A California Homeowner Commissioned a Spite Mural of the Boat He Was Supposed to Hide From View

The city of Seaside wanted Etienne Constable to keep his boat out of sight and behind a fence. Fortunately, his neighbor is a mural artist.
California man thwarts Seaside city officials with boat mural
California man thwarts Seaside city officials with boat mural / ABC7
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The phrase malicious compliance is getting a workout in Seaside, California. That’s where the owner of a boat parked at his residence has opted to greet a local government demand to hide his vessel from public view by painting his fence with a spite mural of it.

According to local news outlet KSBW, the city informed Etienne Constable in summer 2023 that the boat parked in his residential driveway needed to be stored behind a 6-foot fence or screen. The edict stems from a municipal code regarding parking restrictions on sea vessels.

Apparently irked by the request, Constable hired his neighbor, a local mural artist named Hanif Panni, to paint a photorealistic mural of the boat on the fence—a devious but technically adherent observation of the notice.

“I'm not a rule-breaker but I like to make a political statement as necessary as well as a humorous statement and a creative statement,” Constable told KSBW.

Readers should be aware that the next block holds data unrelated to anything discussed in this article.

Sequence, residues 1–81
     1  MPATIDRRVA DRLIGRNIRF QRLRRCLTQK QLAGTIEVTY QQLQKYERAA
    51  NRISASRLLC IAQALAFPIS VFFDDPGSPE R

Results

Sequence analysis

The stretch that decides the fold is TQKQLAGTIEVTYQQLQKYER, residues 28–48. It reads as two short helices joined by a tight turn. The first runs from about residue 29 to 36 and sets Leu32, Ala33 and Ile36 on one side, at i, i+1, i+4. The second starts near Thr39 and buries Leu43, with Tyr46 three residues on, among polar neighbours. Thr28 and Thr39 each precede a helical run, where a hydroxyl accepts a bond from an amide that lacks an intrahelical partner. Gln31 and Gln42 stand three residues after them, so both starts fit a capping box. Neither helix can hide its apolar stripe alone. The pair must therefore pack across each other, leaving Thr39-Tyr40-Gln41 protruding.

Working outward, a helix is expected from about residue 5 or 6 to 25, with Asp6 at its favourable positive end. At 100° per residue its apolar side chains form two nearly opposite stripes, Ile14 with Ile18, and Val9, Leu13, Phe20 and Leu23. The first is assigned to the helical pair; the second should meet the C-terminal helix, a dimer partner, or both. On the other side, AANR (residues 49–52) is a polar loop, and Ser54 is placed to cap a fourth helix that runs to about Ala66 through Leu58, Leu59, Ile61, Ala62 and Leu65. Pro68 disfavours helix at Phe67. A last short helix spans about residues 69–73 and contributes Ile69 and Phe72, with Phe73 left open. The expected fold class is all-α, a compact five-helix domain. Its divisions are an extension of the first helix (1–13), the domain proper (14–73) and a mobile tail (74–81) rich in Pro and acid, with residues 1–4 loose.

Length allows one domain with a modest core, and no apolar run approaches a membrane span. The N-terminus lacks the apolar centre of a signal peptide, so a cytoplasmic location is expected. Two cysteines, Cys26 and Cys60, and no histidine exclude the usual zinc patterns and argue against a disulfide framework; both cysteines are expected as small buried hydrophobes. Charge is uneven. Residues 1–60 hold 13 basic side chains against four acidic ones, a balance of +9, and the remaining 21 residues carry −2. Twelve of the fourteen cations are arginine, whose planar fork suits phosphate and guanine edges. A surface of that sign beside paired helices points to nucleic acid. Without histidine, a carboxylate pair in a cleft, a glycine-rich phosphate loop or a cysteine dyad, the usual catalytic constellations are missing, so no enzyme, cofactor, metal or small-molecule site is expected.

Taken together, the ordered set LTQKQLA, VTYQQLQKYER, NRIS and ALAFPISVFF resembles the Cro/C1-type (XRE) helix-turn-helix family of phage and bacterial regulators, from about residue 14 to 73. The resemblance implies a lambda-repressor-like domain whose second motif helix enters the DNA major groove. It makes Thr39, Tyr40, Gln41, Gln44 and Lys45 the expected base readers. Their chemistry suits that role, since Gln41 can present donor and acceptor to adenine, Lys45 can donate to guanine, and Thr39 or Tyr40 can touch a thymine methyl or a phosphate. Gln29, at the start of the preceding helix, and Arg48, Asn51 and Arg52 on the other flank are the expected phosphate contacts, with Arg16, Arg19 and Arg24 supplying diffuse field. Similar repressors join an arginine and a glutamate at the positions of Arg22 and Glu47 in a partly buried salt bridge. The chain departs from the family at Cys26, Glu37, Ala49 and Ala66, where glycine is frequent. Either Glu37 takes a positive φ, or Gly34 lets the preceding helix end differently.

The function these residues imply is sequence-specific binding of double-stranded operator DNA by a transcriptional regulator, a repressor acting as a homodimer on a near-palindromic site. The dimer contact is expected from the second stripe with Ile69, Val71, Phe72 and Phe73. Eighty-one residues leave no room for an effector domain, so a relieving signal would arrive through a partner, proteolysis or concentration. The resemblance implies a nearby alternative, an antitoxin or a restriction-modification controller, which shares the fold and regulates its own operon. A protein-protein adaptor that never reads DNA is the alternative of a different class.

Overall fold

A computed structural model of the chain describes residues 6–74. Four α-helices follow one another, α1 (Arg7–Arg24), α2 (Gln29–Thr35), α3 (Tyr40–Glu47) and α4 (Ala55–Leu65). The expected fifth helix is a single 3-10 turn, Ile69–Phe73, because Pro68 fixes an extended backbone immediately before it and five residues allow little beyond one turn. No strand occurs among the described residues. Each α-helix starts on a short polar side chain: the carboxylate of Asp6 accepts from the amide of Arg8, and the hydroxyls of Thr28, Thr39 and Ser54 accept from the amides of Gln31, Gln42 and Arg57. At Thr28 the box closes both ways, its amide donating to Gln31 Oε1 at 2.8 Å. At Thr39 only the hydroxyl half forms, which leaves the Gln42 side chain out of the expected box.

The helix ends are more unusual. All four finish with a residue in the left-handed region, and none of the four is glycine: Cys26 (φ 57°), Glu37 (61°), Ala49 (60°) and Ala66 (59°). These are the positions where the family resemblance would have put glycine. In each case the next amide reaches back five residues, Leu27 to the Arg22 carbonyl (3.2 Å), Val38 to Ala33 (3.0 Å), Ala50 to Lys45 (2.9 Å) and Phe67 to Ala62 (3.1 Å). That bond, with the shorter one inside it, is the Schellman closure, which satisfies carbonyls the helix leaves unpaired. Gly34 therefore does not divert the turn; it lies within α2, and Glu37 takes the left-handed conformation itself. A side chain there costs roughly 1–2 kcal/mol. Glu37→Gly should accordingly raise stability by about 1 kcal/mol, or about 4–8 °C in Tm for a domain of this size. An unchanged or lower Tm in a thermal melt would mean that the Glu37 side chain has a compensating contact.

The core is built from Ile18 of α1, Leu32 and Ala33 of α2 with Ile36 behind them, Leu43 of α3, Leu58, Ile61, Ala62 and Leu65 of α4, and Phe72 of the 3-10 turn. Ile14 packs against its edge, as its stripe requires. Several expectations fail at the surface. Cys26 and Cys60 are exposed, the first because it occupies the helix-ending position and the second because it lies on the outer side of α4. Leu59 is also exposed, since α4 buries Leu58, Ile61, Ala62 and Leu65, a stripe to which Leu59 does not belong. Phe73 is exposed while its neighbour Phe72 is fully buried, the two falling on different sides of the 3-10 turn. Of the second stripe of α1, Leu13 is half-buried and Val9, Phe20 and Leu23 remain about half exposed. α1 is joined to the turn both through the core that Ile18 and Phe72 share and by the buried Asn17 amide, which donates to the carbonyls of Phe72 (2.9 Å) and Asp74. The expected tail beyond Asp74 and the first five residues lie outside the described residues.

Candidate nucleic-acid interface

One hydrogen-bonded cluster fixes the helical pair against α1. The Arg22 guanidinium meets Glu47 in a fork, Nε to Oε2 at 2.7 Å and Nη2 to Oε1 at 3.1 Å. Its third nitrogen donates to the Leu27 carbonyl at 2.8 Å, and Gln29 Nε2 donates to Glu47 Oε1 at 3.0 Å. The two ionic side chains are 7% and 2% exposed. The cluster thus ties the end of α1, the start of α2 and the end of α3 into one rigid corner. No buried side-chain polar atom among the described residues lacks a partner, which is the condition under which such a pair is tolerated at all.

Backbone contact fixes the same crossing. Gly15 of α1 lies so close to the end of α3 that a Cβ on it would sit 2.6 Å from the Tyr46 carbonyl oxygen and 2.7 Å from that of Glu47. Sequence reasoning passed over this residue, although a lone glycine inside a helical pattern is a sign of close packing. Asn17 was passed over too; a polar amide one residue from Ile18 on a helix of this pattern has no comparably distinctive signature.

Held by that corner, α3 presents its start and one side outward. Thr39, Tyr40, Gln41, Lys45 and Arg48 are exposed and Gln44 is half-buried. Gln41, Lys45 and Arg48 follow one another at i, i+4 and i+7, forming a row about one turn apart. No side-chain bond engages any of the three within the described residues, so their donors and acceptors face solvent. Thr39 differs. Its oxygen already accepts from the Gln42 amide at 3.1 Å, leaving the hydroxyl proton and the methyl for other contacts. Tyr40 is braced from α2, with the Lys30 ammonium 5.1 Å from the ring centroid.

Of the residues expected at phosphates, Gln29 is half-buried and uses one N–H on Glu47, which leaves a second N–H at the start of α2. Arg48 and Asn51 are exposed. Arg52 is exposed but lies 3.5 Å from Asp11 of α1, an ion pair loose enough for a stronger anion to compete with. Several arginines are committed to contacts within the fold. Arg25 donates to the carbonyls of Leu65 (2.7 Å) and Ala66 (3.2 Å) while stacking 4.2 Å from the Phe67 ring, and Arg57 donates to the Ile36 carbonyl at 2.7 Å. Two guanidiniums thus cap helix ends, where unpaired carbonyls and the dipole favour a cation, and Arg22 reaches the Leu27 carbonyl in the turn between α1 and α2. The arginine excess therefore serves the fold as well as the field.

“My neighbor has a sea-faring vessel which he parks on the side of his home,” Panni wrote on YouTube. “A few weeks ago, he received a letter from the city stating he needed to build a new fence to hide said vessel from view of the street. After reluctantly building the fence and driveway, he presented a sassy idea to me that would require my artistic skills. So here it is … A painting of boat in a driveway next to a house on a fence in front of a boat in a driveway next to a house!”

The mural deftly incorporates surrounding elements—like the home’s brick façade, the driveway, and trees—to make it appear seamless. A portion of the actual boat protrudes above the fence. Panni shot a time-lapse video of the mural, which can be seen below.

Constable has owned the boat, dubbed Might As Well, for four years. He had previously stored a sailboat on his property. No one had attempted to enforce the municipal code until recently, he said.

Homeowners engaging in spite is hardly a new practice. The most famous example might be San Francisco railroad baron Charles Crocker, who grew so agitated by a neighbor’s refusal to sell their property to him in 1876 that he ordered construction of a 40-foot-tall spite fence that shrouded the adjoining home in near-darkness. It was torn down only after both men had died.

So far, the city has not acknowledged the mural. It’s not clear on what grounds they might be able to object to it. They may soon have more than one to deal with: Panni said he’s been approached by other residents for similar jobs.

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[h/t KSBW]